As a parent, you want your kids to be as healthy as possible as often as possible. However, it can sometimes be a struggle knowing the best ways to take care of your kids’ health, especially if they’re too young to properly manage it mostly on their own. Certain aspects of hygiene can go overlooked, and one of the easiest ones to accidentally pass up is dental hygiene. Taking care of your kids’ teeth is an essential part of keeping them healthy, but not all parents know how to do this. If you want your kids to stay as healthy as possible, take a look at these tips.

Proper Brushing Habits

The key to getting your kids to take care of their own dental health later on is to start encouraging good brushing habits early. This can even start before your children’s teeth are fully grown in; before baby teeth grow in, use a washcloth to gently remove potentially harmful bacteria from the gums. This will also help your child get more comfortable with what will eventually become brushing their teeth.

When they are old enough to hold a toothbrush correctly, make sure you show them how to brush correctly and monitor them until you’re confident they can do it by themselves. If they struggle with making brushing a regular habit, try turning it into a fun family game as a means of keeping them motivated. The most important thing is that they brush regularly and learn good habits early, so get them started as soon as they’re able.

Careful With Toothpaste

When brushing, be careful about what toothpaste you use, if you’re using any at all. Many toothpastes designed for adults contain microbeads, which are small plastic beads designed to scrub away food particles. These are shockingly common, and make up a large percentage of the 600 billion pounds of plastic consumed worldwide yearly. However, it’s best to stay away from them for kids, as these can be too abrasive on children’s teeth.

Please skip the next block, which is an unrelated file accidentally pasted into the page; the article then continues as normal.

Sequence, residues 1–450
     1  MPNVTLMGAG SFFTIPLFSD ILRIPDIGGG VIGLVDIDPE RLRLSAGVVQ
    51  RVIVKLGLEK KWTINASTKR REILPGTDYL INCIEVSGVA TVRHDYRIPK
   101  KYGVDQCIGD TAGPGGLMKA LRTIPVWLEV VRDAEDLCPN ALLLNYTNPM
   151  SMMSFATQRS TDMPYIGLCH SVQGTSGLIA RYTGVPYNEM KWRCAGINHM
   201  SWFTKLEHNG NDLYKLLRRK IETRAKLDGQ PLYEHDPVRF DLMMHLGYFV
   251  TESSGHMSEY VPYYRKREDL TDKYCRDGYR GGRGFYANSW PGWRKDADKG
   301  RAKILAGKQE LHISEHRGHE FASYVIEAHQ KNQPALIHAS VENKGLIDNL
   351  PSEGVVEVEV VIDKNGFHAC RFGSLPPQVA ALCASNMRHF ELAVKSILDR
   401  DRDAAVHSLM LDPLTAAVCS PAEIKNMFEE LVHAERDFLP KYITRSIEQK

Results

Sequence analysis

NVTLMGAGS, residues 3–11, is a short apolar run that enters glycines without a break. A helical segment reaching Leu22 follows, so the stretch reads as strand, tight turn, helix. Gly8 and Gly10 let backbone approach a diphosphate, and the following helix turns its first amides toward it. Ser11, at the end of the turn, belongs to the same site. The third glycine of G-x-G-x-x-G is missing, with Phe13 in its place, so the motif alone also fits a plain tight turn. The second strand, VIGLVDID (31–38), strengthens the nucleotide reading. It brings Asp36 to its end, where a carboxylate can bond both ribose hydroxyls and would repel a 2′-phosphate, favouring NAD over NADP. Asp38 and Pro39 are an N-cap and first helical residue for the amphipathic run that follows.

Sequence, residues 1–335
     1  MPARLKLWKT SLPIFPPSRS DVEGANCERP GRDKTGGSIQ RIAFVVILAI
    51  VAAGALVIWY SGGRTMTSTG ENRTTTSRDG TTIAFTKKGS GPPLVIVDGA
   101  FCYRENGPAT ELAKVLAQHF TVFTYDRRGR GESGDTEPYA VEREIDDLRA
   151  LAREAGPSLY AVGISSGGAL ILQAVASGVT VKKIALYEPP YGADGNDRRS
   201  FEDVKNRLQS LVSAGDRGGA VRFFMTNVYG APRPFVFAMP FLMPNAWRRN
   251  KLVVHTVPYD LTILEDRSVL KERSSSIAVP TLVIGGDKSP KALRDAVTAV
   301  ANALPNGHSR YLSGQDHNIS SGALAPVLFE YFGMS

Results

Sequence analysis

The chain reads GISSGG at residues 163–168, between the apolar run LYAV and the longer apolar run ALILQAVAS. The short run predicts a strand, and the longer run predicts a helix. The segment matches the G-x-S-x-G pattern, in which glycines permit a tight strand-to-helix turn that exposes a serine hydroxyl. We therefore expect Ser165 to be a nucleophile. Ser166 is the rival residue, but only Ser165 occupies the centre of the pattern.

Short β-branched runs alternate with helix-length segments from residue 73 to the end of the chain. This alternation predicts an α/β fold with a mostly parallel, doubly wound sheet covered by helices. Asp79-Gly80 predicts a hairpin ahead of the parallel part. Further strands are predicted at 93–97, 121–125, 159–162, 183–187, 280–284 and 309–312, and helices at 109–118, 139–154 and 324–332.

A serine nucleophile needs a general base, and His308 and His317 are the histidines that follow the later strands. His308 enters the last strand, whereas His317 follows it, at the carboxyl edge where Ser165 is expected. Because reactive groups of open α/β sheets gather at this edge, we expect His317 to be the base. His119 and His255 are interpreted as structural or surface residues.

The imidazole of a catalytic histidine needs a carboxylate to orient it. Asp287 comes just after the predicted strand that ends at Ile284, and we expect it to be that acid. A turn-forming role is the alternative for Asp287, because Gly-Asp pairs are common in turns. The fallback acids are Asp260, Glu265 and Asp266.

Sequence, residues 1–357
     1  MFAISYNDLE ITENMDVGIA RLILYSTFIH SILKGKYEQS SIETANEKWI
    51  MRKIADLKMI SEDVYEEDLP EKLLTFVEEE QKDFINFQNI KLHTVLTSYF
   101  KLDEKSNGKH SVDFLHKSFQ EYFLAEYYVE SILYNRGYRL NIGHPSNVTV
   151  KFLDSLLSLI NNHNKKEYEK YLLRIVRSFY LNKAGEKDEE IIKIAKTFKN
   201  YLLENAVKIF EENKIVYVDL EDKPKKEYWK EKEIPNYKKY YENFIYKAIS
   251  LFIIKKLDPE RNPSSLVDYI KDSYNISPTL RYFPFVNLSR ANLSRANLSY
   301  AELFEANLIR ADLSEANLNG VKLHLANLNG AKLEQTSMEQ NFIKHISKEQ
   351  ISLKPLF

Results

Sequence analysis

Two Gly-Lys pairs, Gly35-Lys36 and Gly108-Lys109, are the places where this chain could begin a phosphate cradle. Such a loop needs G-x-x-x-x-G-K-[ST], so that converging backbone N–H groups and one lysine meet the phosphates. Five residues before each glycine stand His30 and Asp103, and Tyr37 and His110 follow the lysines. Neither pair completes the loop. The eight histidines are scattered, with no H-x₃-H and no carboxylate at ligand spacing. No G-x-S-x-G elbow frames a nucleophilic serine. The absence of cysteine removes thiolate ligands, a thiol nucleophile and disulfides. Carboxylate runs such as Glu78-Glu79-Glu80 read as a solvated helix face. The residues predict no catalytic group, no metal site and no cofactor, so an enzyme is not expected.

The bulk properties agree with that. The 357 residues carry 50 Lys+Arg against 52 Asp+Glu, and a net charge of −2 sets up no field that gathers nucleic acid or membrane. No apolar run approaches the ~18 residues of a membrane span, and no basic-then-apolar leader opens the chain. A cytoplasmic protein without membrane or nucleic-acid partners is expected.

Additionally, don’t automatically assume that your child has to use toothpaste when they clean their teeth. In some cases, the added fluoride in toothpaste can do more harm than good. If your child is younger than age two, do not use fluoride toothpaste unless your doctor or dentist tells you to. At this age, your child will get enough fluoride simply from most treated tap water. When purchasing toothpaste, look for formulas specific to children, as dental health needs vary by age.

Regular Dentist Visits

While this particular part of dental care doesn’t come up nearly as frequently as proper brushing habits, taking your children to a pediatric dentist on a regular basis is incredibly important. Baby teeth begin to grow in at around six months, so the AAPD recommends a trip to the dentist before your child’s first birthday. Regular visits (even for baby teeth) can help you identify any dental problems early, so that they don’t worsen as your child grows.

While going to the doctor regularly might seem largely like common sense, it can be a difficult struggle for some families. According to the CDC, approximately one-third of Americans families struggle to pay medical bills, and when money is in short supply, dentist visits can seem like a luxury. However, spending money on regular check ups can help you and your child avoid expensive care later on to repair damage.

Taking care of your child’s dental health is important to keeping them healthy as they grow. For more tips on how to care for your child’s teeth, talk to your local pediatric dentist, as these experts will be able to give you advice specific to your child.

Caring For Baby Teeth

Looking to learn how to care for baby teeth? Learn useful advice on tooth eruption, symptoms, signs and early care so that the transition to a full mouth of healthy teeth can be an easier one for you and your child!